Make sure you include the link to your newsletter sign-up everywhere you can think of. One of the most common places to put it is in the back matter of your novels. Put it immediately after the last line with something like, If you want to read more about characters A and B, then sign up to my newsletter and receive a free novella about how they first met . Include your sign-up link in your bios on your social platforms, your email signatures, your website, and any other place you’re promoting yourself. It takes time, but through consistent effort, your list will grow.
Another great way for authors to grow their lists is through author swaps and group promos. Find some other authors who write in your genre and do “swaps,” where they promote your reader magnet in their newsletter and you’ll do the same in return. You can also join a platform like BookFunnel or StoryOrigin , which both offer newsletter swaps and group promos. A group promo is essentially when a bunch of authors get together to promote a bunch of books on a single web page. These can be great when your list is smaller, as most group promos are open to anyone writing within the posted guidelines.
Another great option is to join a newsletter builder. Fiction-Atlas Builders , Book Queendom , or BookSweeps all offer newsletter builders where you and a group of authors in a similar genre buy into a contest that’s targeted to your ideal readers. This can be a great way to jump-start your list. These contest entrants won’t always be your most engaged audience, and many of them will unsubscribe after the contest, but in my experience, a good chunk of them tend to stick around.
How do I set up a newsletter?
The good news is that setting up a newsletter isn’t as hard as it sounds. First, you need to pick an email platform. There are tons of them out there; two of the most popular are Mailchimp and MailerLite . Personally, I use and prefer MailerLite for authors. It’s relatively affordable compared to many other platforms, has high deliverability, and integrates with both BookFunnel and StoryOrigin, making author swaps even easier. And your first one thousand subscribers are free! Once you pick a platform, use one of their templates to build a basic template to get you started. You can use that same template every time and just swap out information to make it easier on yourself.
Once you’ve got that set up, you’ll want to set up a welcome email. This is basically a “hello” email you’ll send to people when they first subscribe (well, you won’t send it—the email platform will because it’s all automated and oh so easy once you get it implemented).
Use this email to welcome them to your list and talk a bit about who you are and what they can expect—this is where you’ll include a link to that reader magnet we talked about earlier. This is their thank-you for subscribing.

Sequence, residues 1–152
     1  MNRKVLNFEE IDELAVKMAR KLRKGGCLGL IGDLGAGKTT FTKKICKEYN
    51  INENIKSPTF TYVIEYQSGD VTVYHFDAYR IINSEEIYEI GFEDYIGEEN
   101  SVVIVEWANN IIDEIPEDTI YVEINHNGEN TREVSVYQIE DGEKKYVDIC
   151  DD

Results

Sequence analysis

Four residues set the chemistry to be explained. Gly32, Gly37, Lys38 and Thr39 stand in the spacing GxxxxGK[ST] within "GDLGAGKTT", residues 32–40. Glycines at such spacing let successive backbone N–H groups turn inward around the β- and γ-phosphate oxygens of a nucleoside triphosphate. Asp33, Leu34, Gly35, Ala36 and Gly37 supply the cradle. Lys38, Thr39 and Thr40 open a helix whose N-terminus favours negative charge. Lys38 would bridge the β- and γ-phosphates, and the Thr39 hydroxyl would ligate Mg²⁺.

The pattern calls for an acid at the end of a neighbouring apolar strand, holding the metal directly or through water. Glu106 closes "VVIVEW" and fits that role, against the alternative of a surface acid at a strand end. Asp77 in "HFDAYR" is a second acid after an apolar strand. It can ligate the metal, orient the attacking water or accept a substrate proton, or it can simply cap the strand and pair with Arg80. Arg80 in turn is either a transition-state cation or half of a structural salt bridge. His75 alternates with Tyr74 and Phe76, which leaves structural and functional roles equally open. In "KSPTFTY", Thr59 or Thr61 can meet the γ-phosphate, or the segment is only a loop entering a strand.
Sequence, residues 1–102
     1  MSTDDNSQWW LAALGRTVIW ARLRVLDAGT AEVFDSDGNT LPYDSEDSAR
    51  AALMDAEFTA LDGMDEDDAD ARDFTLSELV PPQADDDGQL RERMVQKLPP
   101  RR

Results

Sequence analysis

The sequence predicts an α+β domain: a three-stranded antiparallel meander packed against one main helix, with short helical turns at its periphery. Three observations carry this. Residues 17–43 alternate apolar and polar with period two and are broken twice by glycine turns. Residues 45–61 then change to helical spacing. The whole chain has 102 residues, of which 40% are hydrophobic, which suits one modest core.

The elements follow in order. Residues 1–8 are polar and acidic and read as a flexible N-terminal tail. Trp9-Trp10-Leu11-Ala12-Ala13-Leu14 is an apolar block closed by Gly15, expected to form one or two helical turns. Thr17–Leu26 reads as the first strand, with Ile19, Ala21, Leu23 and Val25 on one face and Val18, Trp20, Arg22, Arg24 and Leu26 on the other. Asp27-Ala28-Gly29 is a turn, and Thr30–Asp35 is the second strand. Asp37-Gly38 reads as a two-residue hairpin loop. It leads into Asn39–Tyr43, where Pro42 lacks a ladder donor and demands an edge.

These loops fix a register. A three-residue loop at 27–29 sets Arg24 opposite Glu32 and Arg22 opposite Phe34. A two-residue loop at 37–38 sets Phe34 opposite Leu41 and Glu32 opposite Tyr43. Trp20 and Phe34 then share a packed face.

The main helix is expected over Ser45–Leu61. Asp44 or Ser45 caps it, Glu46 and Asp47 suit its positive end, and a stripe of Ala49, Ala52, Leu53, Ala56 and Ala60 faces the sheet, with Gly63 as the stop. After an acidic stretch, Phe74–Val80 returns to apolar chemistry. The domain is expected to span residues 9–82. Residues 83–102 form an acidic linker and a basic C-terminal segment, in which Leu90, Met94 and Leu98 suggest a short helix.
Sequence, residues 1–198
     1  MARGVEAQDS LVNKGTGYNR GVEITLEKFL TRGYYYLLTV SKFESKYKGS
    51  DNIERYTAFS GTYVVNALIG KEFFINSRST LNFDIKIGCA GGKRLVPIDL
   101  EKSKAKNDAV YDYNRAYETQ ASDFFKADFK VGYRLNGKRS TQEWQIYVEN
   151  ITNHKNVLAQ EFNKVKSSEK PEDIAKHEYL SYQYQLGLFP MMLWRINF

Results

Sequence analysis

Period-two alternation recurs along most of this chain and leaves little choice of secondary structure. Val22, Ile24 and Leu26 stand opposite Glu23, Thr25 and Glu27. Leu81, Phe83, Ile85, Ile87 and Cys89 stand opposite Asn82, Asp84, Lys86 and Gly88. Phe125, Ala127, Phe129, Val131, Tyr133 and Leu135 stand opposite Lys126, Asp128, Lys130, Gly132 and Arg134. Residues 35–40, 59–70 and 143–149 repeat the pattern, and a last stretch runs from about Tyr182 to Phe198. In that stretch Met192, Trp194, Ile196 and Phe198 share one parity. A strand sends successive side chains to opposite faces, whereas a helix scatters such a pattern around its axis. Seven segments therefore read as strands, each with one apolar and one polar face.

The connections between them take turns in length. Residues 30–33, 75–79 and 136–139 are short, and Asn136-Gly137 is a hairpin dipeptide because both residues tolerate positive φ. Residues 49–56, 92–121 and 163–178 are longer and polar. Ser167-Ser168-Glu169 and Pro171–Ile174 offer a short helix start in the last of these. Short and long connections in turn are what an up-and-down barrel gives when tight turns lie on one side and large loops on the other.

One thing to keep in mind when setting up your newsletter is that you’ll need a real email address. By that I mean you need a email@example.com email versus a generic one from Gmail (for example). This is both to verify you as a legitimate sender of emails and to help improve your deliverability rate, ensuring you end up in people’s inboxes rather than their spam folders. Platforms like MailerLite won’t allow you to send emails until you have this set up.
But I have no idea what to include in a newsletter!
This is a common issue, especially if you don’t actually have a book published yet. First off, remember that you don’t need to write paragraphs and paragraphs of text. In fact, I highly recommend you don’t. Personally, I’ve always seen higher click rates with short, snappy text, bullet points, and more pictures than text—so don’t make it harder than it needs to be. You also don’t need to send newsletters very often. If you’re still pre-published, then send them every other month. If you are published, then send them maybe every month, or more around a release. Some authors send one every week, but that’s something you can work up to.
Having said that, here are things you can include:
highlights and mood boards of your WIPs (works in progress)
cover reveals and teasers
new releases and promotions
recent writing you’ve published in online magazines
links to your backlist
reviews of books you’re reading in your genre
a list of your favorites: books, songs, movies, whatever!
tidbits about your life
your latest holiday pics, or pics of your pets or your writing desk
a recipe you tried or a product you loved
literally anything (Remember how those people chose to hear from you? That means they’re interested in you and your writing.)
While there are entire courses out there dedicated to author newsletters, these are the basics to get you started. If you want go deeper into the topic, I highly recommend the Newsletter Ninja as a resource.